Then I start to edit. Often the first couple of cuts are the most challenging. Once the cut gets going, a certain rythm sets in and editing comes effortless and fluid. I compare this to a musiscian composing music or a cook creating a great dish.  This is where talent and practice combine to make a great cut.

Often I will have side by sides to make sure that I get the best performance.  A side by side is placing Take 1  , 2  ,3 and  4 side by side on the sequence  to see which is the best performance for that line. It is so easy to see the best performance when you see the same line said four different ways. I pick the best one.

When I do this as the director of the film, I am doing the actor and the film a great service  . Eventually 45 minutes to an hour  or so later I have  a very good cut of the scene.

In low budget filmmaking, editing is a really important skill to learn. You can find a professional editor to edit your film and if time is important this is quicker than learning on your own.

Make sure you work closely with your editor and watch every single take and makes sure that he or she marks off the clips with your thoughts on performance and the takes. Back in the day, we used to have rushes screenings every night after shooting where this process would happen with the editor. I have noticed that at the low budget end of filmmaking, this rarely happens these days.

How does one learn film editing?  First find the best editing software. At International Film Base, we recommend Adobe Premiere Pro. Google it. It usually comes as part of a package called Adobe Premiere Pro CC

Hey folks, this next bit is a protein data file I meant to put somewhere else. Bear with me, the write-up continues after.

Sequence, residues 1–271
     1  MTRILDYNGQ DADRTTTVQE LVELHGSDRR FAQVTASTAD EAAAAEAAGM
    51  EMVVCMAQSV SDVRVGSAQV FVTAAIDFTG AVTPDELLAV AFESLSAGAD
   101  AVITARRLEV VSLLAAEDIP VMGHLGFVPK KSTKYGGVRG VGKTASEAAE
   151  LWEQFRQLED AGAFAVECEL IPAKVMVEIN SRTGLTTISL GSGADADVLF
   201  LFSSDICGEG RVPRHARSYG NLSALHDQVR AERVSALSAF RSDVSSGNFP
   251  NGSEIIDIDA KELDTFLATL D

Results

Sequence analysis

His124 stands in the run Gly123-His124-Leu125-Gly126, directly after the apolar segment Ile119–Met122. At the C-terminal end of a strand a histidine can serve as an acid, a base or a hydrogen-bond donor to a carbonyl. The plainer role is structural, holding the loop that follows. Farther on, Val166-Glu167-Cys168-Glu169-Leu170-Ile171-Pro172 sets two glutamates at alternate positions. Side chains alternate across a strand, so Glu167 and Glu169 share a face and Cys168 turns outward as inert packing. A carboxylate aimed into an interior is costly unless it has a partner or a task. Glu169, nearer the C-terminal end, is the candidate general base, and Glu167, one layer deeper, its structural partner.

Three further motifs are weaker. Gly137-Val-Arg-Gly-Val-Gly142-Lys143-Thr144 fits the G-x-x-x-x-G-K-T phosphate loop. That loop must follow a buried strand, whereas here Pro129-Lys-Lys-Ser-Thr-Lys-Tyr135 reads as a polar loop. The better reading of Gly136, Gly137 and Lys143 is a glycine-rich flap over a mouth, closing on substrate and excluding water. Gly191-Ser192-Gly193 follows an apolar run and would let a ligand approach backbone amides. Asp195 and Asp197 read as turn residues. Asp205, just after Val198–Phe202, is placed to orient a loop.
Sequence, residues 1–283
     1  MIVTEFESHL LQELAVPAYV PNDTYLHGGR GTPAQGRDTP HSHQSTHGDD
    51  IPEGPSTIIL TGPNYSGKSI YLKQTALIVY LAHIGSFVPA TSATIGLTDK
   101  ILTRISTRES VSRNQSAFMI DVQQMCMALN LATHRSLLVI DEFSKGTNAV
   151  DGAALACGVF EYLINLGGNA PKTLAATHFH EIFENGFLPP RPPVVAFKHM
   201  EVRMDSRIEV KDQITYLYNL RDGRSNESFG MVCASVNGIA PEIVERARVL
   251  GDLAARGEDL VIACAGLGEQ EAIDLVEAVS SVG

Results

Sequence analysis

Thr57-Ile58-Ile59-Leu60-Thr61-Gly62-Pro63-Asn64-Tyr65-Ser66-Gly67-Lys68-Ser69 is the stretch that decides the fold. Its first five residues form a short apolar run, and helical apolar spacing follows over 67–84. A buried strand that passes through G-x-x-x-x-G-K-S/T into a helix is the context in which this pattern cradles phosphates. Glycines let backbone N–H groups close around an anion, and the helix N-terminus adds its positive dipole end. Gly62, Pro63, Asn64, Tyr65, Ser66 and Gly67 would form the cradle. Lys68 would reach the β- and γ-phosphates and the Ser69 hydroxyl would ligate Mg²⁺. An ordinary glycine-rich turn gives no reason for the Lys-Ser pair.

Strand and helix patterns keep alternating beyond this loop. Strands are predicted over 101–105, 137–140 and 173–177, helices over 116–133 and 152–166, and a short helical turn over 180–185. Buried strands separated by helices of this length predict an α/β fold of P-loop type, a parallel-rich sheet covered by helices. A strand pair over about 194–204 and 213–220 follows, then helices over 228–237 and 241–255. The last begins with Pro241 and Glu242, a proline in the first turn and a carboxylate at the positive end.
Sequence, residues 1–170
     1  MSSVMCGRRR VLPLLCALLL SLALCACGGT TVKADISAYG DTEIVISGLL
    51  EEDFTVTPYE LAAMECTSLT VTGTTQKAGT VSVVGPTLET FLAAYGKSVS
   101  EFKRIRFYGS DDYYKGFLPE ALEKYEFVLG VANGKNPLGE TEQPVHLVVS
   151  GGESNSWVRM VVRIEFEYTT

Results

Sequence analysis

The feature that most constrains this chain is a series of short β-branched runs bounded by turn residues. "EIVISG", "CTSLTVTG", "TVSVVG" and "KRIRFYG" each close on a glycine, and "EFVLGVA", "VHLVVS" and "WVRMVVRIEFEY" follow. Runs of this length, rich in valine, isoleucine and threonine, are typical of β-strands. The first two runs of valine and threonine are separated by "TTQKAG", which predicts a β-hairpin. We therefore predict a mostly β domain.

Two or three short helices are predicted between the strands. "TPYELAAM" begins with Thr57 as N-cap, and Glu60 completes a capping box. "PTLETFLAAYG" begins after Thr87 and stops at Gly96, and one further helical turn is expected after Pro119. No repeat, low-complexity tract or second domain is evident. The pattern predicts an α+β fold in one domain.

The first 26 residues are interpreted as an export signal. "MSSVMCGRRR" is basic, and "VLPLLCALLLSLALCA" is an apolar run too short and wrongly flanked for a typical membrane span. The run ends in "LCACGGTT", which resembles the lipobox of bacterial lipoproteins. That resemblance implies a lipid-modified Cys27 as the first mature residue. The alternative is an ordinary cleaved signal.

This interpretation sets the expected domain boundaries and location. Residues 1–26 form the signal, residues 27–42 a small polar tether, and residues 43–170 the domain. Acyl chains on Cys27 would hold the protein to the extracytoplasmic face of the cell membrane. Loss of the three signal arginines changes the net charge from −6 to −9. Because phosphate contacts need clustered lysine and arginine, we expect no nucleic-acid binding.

They have excellent video tutorials. online and one can learn film editing on their own. This of course is the hard way. I honestly recommend that you learn filmmaking on a reputable film course and learn how to shoot a scene and then how to edit a film by actually doing it on a film course.   On our 3 Month Film Courses we do have post production covered. We have also edit coaches whereby you hire an edit coach to teach you one one one editing. This is the best way of all to learn editing. One can learn the software and editing skills quickly this way. Edit coaching is open to people who have graduated from our 3 month film courses.

Editing is fun but learning how to edit can be  a challenge. Practice makes perfect and the more you actually edit your films, the better you will get.

Till next time, all the very best with your filmmaking ambition

Colm O ‘ Murchu – Director